Secondly, four-legged and two-legged engineers fought off the forests. Biologists call much of Alberta a ‘buffalo landscape’ because millions of these animals (properly called bison) pounded the prairies, grazed along its margins, and stamped out the spread of trees and shrubs. For thousands of years people have also been burning grasslands and parklands in part to provide food for bison (lush grass grows in recent burns). Bison, people, and a combination of soil characteristics are thought to explain why grasslands extend through central Alberta and up to the Peace Region north of the appropriately named Grande Prairie and High Prairie.

Because Alberta soils started forming around 10,000 years ago, they have not been leached (when water carries away minerals and nutrients) like other parts of the world. Our northern geography helps: water does not constantly pour through Alberta soils for the simple fact that it’s frozen much of the year. A sharp spike in spring melt, however, filters through our young soils and replenishes groundwater.

Over 200 million years of mountain uplift, sediment pouring, and mountain-driven climates followed by 10,000 years of grazing and burning produced the inviting grasslands that greeted Alberta’s early farmers. Blackfoot First Nations in Alberta farmed tobacco in small plots for at least several hundred years before the spread of grains (e.g., wheat, barley, oats) and cattle ranching in the 1800s. The figure below is a timeline of several events in Alberta that shaped the early spread of farming.

Figure 5. Timeline of agriculture and related events in Alberta from 1750 to 1900.

Over-hunting in the first half of the 1800s wiped out bison herds and opened the prairies to cattle while treaties in the second half of the 1800s saw many First Nations settle on reserves. The Dominion Lands Act was passed in 1872, which encouraged homesteading in Western Canada and railways completed to Calgary (1882) and Edmonton (1891) made it possible to move immigrants, livestock, machinery, and supplies. All of this contributed to settlement and an agriculture boom.

While wheat was sown around Fort Edmonton in the 1820s, it didn’t spread in Alberta until hardy varieties like Red Fife arrived 50 years later. The more widespread availability of horses (for ploughs), machinery (e.g., seed drills for more successfully planting crops), and irrigation all opened new plots for cultivation. By 1915, southern Alberta was considered one of the greatest wheat-growing areas in the world.

B78 crop
Figure 6. A farming scene near Calgary in 1884 (image B78 courtesy of the Provincial Archives of Alberta).

The rapid rise of farming had a big impact on Alberta soils. Deep tillage was common: ground was ploughed 15-30 cm deep (6-12 inches) or more to improve water absorption, break up surface roots, recycle nutrients, and create holes for seeds. Summer fallowing was also practiced: large croplands were purposely left out of production every few years to save moisture and nutrients. High winds and spring rains, combined with periods of drought, did a number on the broken up soil. Tens of centimeters of topsoil blew away and crippled productivity, not to mention ‘tillage erosion’ when dirt moved from hills and ridges on farms downslope to basins and wetlands. By 1926, 10,000 farms in Alberta were abandoned due to crop failure. In response, farmers adopted practices to preserve soils, along with a list of other measures, to maintain fertility and maximize yield.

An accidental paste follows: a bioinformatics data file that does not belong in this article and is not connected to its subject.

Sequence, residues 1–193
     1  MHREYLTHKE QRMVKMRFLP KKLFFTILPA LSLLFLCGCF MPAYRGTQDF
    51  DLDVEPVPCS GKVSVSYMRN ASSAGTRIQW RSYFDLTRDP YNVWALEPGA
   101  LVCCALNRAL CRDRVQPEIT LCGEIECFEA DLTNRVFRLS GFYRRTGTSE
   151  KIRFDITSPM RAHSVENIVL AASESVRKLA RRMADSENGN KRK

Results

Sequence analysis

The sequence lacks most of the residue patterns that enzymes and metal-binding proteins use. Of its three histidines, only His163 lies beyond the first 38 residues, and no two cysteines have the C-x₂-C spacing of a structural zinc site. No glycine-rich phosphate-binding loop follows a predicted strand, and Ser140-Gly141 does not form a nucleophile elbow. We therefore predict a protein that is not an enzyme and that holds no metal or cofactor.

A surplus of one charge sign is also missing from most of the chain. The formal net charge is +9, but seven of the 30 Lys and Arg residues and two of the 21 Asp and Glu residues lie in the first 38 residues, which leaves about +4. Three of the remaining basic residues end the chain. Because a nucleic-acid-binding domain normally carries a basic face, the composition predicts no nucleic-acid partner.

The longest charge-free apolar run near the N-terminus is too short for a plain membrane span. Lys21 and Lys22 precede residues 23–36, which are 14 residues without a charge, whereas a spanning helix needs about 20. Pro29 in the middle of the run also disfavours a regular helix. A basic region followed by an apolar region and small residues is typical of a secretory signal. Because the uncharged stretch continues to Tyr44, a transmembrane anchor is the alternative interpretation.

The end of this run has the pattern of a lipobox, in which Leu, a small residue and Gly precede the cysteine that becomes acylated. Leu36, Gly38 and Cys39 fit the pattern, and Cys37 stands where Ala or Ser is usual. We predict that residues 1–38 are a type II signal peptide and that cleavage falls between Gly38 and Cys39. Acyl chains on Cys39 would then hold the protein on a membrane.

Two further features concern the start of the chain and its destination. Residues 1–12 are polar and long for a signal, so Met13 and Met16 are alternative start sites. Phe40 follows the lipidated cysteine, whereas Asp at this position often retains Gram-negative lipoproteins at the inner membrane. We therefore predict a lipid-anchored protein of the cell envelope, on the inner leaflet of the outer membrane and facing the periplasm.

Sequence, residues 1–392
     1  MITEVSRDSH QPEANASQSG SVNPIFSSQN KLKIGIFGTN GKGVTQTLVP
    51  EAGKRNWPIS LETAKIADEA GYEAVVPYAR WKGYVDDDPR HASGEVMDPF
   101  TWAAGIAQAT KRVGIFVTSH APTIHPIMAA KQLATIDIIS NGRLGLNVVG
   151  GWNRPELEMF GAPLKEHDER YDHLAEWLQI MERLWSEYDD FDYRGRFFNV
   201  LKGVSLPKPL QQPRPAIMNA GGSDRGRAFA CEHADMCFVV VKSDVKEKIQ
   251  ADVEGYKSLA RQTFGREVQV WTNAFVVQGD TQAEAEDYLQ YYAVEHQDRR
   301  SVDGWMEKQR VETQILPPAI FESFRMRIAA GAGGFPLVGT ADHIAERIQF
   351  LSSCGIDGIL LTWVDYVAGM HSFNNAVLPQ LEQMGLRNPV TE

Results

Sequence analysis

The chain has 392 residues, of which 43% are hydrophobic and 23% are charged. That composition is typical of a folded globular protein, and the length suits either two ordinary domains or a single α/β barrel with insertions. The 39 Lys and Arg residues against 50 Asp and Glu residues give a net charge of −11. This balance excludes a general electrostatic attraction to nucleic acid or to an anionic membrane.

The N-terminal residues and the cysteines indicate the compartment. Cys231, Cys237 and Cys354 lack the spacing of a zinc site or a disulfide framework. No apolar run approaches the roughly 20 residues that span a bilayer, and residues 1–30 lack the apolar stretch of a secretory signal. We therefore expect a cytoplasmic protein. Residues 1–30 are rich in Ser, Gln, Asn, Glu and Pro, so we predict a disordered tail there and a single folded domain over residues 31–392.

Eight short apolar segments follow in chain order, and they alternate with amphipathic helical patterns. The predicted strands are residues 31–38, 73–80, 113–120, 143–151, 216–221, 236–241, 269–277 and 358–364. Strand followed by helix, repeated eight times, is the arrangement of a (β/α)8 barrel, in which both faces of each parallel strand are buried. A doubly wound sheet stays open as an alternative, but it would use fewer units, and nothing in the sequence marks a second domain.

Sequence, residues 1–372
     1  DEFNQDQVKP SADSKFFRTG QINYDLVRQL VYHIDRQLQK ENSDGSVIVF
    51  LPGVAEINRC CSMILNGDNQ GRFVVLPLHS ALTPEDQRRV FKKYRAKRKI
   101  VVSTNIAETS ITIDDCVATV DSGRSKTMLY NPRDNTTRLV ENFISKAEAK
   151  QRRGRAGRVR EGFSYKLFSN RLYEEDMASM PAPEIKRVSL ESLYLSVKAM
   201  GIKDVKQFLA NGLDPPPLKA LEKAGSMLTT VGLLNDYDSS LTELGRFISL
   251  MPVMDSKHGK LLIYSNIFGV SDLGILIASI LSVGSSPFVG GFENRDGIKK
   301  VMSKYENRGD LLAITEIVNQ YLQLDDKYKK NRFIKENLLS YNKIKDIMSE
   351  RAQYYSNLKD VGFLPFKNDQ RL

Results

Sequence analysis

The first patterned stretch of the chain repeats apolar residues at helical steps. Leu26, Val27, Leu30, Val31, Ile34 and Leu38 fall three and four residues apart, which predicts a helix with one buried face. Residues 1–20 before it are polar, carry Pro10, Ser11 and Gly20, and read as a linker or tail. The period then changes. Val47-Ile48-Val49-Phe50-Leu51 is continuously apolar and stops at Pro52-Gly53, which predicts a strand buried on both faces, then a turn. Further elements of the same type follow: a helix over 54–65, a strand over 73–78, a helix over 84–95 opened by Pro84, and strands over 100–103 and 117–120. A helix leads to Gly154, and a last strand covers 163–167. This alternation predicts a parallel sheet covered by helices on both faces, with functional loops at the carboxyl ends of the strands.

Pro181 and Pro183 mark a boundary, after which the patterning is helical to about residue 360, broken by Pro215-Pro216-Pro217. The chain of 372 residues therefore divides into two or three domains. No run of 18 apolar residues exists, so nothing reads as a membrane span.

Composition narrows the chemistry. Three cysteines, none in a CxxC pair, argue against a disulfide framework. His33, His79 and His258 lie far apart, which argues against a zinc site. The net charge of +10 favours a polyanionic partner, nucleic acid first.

A7764
Figure 7. Agricultural machinery (a mold board plow) in the 1920s in Alberta (image A7764 courtesy of the Provincial Archives of Alberta).

Heritage Art Series

The deep history of farming goes back over 200 million years to geological forces that shaped our landscape. We are still shaping rural landscapes through new farming practices, water diversion, recreation, and other industrial development. Taken together, Alberta soils preserve a complex layered history of landscape change. ‘Canola Fields’ pictured below by Edmonton-based fibre artist Leah Gravells perfectly captures this history. And the art medium (quilting) is appropriate because farming and quilting go hand-in-hand in Alberta’s history. The Heritage Art Series is a shared project of the Historic Resources Management Branch, the University of Alberta, and the Royal Alberta Museum: each artwork tells an important story about the people of our province. We hope it fosters a greater awareness of our past and instils a deeper respect for it.

More stories and colourful scenes from Alberta’s past, from guns and ammonites to boats and woolly mammoths, can be viewed here.

Figure 8. Leah Gravells ‘Canola Fields’ (quilted textile wall hanging, 2017).

Written By: Todd Kristensen (Archaeological Survey of Alberta).

Thank you to David Spiess (Alberta Agriculture and Forestry) for assistance.

Further reading:

Agassiz, Louis. 1864. Ice –period in America. The Atlantic Monthly 14:93.

Anderson, C.H. 1975. A History of Soil Erosion by Wind in the Palliser Triangle of Western Canada. Historical Series No. 8. Research Branch, Canada Department of Agriculture, Ottawa, Ontario.

Anderson, Darwin, and Darrel Cerkowniak. 2010. Soil Formation in the Canadian Prairie Region. Prairie Soils and Crops 3:57-64.

Dyke, A.S., J.T. Andrews, P.U. Clark, J.H. England, G.H. Miller, J. Shaw, and J.J. Veillette. 2002. The Laurentide and Innuitian ice sheets during the Last Glacial Maximum. Quaternary Science Reviews 21:9-31.

Eyles, Nick, and Andrew Miall. 2007. Canada Rocks: The Geological Journey. Fitzhenry and Whiteside Limited, Markham, Ontario.

Fensome, Robert, Graham Williams, Aïcha Achab, John Clague, David Corrigan, Jim Monger, and Godfrey Nowlan (editors). 2014. Four Billion Years and Counting: Canada’s Geological Heritage. Canadian Federation of Earth Sciences and Nimbus Publishing, Halifax, Nova Scotia.

Fuller, Les. 2010. Chernozemic Soils of the Prairie Region of Western Canada. Prairie Soils and Crops 3:37-45.

Swindlehurst, Edward B. 1967. Alberta Agriculture: A Short History. Department of Agriculture, Government of Alberta, Edmonton, Alberta.

Leave a Reply

Fill in your details below or click an icon to log in:

WordPress.com Logo

You are commenting using your WordPress.com account. Log Out /  Change )

Google+ photo

You are commenting using your Google+ account. Log Out /  Change )

Twitter picture

You are commenting using your Twitter account. Log Out /  Change )

Facebook photo

You are commenting using your Facebook account. Log Out /  Change )

Connecting to %s